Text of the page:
Heading Back to Work with Meaning


Filed under Work & Volunteering

(ARA) – Jim Wyner is having the time of his life. He lives in La Jolla, Calif., and although he retired six years ago, he’s ecstatic about his new career after retirement. And Jim is not alone. The nation is experiencing large numbers of executives retiring, and this generation of retirees is not sitting at home playing bingo. These Baby Boomers are looking to give back to their professional community and aiming to positively affect the lives of other executives.

At 64, Wyner retired from Peak Technologies where he was the president and chief operating officer. He retired to Southern California, and was really looking forward to relaxing and spending a lot of time with his family. Just a few months later, Jim found his “next” career — and has never been happier.

“I was tired of business travel, but I also couldn’t sit at home waiting for the social security check to come in,” says Wyner. “I found that after I retired I didn’t think twice about going back to work, it was simply the next step of my life.”

Wyner jumped back into the workforce by becoming an executive coach with Vistage International. Companies such as Vistage are adapting to the needs of the “new” workforce by offering retirees a chance to use their knowledge and wisdom to guide the younger generations moving into senior executive roles.

The AARP indicates 70 to 80 percent of Americans plan to work after retirement and not because they have to, because they want to. Baby Boomers are becoming more active in their community, serving on boards, joining membership groups and volunteering after they retire.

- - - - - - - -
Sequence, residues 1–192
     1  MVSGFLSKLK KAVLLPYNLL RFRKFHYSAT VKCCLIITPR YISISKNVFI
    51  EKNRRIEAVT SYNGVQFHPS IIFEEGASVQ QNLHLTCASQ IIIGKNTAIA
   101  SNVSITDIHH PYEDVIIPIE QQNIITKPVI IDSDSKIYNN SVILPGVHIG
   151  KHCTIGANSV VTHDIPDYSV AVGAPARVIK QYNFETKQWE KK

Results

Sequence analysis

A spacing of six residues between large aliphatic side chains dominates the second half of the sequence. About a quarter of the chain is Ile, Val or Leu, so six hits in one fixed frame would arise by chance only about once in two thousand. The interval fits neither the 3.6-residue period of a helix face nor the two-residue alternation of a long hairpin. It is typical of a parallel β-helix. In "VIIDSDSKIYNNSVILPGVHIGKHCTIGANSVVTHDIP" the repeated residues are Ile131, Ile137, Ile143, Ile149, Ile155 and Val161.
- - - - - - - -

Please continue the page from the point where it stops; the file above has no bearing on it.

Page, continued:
Sixty-eight percent of executive coaches, or Chairs, at Vistage are retirees who chose to go back to work. Offering them great flexibility and time to enjoy the benefits of a retirement lifestyle, a Chair builds and facilitates groups of CEOs and senior executives wanting to grow their businesses.

Jim Wyner is now in his fifth year of being a Vistage Chair and says he loves it. Much like Jim, Dan Barnett, former chief operating officer at Vistage, recently decided it was his time to retire and spend more time with his family. Not wanting to leave the company completely, he “retired” to become a Chair and now leads a group in the Reno/Lake Tahoe area.

“It is my time to retire, not my time to stop working,” says Barnett, “Working as a Chair allows me to spend more time with my family while helping others through my experiences.”

This is a trend likely to continue. Looking forward, the federal Bureau of Labor Statistics has projected the number of employed Americans ages 55 to 64 will increase by 51 percent by 2012, while the number ages 65 to 74 will increase by 48 percent. In 2002 about one in seven employed Americans was 55 or older; in 2012 that share will be close to one in five.

Just like thousands of their Baby Boomer peers, Jim and Dan are discovering that working after retirement is no longer a trend; it is a lifestyle. The next generation needs the wisdom of Baby Boomers. With such a large gap between generations it is important to pass along the knowledge and take advice from those who know best; from those who have been at the top.

Articel courtesy of ARAcontent

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